How to Productivity: April 2016 Edition

Look at that big-ass task list. Just look at it.

“I’m overwhelming!” it crones. “You’ll never amount to anything and your breath smells like fingers!”

Your eyes well up with tears. Your hands are trembling. “We used to be friends, Task List. You used to keep me organized and on track. What’s going on?”

“Gloop glorp!” it hoots, “I’ve sucked the FUN out of all your tasks! I’m nothing but a graveyard for hope! Wheeee!” And with that, Task List zooms around, knocks over a chair, and shits on your keyboard before giggling its way out of the room.

You sit there, your body filled with the familiar hollowness that accompanies a friend shitting on something you own. After a moment, you look down at your hands. They’re not trembling anymore. They’ve become fists.

Your body is tense, your enthusiasm gone. Your once-fun-but-now-unpleasant task list’s cackle still echoes in your mind. What do you do? You resume work like you’re supposed to, your soul sluggish and your mind cluttered. You try to keep typing, but typing with fists is nearly impossible.

And scene.

This happened to me a bunch over the last few weeks, and I dealt with it, but I didn’t understand what was going on until now. The technique that’s been working the best is this: any time I felt overwhelmed by tasks or guilt, I’d ask “What am I in the mood to work on right now?” and then have fun doing that thing. That’s it.

Somehow, as if by magic, my productivity soared. But it’s not magic; it’s the fact I’m enjoying and interested in what I’m working on. Once I separate a task from its priority, perceived difficulty, how much I’ve been putting it off, and so on, I can actually see what makes it fun.

It’s important to note that what I think I’d want to work on is often not what I want to work on: I can’t use logic to deduce what I’m in the mood for. I’ve gotta look through the whole menu and see what whets my brain-appetite. Remarkably, I found myself tackling tasks I’d been putting off for months because I’d built up a picture in my head that they were harsh and intimidating. I completed them, did them well, AND enjoyed myself.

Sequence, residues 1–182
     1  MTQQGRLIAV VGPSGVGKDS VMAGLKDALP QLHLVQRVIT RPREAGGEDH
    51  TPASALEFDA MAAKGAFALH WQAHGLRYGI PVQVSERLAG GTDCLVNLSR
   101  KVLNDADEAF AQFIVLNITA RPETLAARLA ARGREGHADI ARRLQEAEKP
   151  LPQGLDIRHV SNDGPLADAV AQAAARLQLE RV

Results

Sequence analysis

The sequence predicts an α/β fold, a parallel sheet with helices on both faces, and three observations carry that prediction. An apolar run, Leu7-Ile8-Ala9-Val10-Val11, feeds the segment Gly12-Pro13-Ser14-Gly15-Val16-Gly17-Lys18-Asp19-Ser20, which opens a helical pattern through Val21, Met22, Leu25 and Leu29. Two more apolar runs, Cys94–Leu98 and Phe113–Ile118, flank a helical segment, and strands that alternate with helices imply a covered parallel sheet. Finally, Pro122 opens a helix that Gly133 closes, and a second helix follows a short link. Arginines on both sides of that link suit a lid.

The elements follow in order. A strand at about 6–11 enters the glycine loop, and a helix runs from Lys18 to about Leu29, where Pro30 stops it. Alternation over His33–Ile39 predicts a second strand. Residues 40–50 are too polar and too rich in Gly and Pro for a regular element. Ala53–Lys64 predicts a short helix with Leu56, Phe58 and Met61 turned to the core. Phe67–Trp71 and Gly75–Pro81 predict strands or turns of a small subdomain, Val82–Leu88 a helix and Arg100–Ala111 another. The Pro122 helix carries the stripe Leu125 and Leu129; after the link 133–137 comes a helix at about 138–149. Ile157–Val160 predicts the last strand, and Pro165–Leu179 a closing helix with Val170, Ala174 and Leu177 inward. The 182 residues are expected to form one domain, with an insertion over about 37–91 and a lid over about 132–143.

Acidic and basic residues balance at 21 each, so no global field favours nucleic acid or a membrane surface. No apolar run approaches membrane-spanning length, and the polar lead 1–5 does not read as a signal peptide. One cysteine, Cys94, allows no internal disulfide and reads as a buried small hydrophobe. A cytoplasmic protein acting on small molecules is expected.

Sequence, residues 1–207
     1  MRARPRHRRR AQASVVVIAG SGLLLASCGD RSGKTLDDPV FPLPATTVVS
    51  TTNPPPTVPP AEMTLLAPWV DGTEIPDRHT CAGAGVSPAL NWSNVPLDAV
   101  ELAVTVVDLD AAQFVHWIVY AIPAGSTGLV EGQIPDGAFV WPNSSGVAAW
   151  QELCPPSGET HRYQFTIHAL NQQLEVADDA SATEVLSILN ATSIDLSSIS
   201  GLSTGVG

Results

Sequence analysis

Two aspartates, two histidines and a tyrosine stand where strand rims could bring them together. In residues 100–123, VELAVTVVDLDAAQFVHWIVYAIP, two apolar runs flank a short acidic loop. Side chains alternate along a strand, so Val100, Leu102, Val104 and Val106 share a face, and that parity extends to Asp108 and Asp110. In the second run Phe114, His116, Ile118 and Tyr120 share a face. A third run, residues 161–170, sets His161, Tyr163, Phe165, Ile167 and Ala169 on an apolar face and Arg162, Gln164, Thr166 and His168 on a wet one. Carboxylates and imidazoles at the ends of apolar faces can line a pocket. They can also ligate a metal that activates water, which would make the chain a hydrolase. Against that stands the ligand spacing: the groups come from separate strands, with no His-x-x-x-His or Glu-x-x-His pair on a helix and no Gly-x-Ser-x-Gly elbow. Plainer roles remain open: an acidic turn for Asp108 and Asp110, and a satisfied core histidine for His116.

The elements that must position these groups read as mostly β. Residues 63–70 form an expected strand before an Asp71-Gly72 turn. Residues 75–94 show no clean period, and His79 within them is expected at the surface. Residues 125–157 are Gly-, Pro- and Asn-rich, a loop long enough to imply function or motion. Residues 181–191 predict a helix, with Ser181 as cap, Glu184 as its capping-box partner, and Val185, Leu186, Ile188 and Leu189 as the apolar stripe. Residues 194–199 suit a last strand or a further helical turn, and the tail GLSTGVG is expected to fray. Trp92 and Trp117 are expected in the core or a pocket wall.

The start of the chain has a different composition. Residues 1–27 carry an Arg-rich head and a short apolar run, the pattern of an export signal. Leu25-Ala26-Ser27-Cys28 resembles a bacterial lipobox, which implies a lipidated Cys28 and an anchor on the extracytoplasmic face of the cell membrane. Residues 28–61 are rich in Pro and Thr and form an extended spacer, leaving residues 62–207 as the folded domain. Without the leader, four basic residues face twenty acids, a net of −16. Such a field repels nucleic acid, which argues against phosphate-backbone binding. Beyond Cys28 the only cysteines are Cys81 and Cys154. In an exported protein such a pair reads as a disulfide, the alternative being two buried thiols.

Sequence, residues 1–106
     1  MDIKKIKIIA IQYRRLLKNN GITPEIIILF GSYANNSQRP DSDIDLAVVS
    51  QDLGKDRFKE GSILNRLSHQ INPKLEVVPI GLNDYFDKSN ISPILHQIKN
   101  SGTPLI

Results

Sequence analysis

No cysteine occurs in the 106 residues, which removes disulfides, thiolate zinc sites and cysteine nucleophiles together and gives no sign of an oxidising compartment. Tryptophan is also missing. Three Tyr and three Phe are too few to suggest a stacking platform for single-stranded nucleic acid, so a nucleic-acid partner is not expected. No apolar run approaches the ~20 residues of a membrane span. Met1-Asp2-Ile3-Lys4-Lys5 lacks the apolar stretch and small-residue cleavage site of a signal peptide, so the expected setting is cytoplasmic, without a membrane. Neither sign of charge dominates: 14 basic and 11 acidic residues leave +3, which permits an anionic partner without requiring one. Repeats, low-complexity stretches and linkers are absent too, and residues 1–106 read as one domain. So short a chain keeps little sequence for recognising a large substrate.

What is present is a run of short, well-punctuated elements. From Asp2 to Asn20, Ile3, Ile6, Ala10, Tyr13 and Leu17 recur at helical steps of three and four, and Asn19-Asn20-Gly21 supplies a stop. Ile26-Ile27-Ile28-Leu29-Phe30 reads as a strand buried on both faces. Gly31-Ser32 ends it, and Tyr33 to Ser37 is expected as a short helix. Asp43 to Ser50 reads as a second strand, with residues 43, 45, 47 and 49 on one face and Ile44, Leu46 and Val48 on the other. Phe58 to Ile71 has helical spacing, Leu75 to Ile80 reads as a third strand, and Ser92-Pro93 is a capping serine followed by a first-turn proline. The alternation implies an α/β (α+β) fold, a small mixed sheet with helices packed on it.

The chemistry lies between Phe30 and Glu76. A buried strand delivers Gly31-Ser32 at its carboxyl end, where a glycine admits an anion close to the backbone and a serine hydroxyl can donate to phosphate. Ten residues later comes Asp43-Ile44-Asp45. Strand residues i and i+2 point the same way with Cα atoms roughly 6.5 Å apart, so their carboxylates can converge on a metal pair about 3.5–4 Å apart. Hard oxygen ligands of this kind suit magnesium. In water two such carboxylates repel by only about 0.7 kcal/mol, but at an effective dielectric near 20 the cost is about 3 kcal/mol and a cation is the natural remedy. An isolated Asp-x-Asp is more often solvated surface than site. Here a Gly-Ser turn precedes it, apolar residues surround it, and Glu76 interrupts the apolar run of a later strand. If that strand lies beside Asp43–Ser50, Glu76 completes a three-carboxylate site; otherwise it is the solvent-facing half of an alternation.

The coolest unexpected effect I found was that I’d complete tasks I didn’t expect to enjoy (but did), then I’d ride that momentum to complete harder tasks. Now that’s pretty cool.

Caveat time: It’s easy to take breaking the rules of doing tasks in priority order too far. If I let myself slide too deep down the carefree-attitude slope, I’d gradually bend other rules (e.g. sleeping in on a work day because I stayed up late— a cardinal no-no). Whenever I float towards this cycle, I lose sight of my goals, I start drifting, and I feel crappy and unproductive. So this specific rule-bending tactic is simply one productivity strategy in a toolbox of many. I’ve been oscillating regularly between excessive rule-breaking and excessive rule-following over the last year (each bout a reaction to the other), and I gradually find myself spending less and less time in the extremes as I work towards hovering around the sweet spot in the middle.

TL;DR: When you start dreading all your tasks, stop, and only work on whatever task interests you in that current moment.

“…Hey,” says Task List, waddling back in. “I’m sorry about what I said earlier. And for shitting on your desk.” You watch as Task List shuffles over to your computer and sucks the shit back up into its butt.

“It’s okay, Task List,” you reply, “It’s my fault for taking you too seriously. Friends?”

Task List sizes you up with a mysterious smile.

“Yep. Friends. Now let’s get back to work.”


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